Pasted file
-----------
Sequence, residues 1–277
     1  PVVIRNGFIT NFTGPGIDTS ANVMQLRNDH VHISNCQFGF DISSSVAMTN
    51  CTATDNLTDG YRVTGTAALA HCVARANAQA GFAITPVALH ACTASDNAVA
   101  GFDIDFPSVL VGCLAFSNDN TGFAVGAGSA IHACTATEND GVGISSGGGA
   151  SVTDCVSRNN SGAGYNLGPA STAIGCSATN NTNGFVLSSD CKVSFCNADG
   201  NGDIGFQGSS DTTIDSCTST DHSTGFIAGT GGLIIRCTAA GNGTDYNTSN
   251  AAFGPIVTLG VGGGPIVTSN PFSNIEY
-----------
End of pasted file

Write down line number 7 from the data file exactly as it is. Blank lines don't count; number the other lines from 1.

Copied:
   251  AAFGPIVTLG VGGGPIVTSN PFSNIEY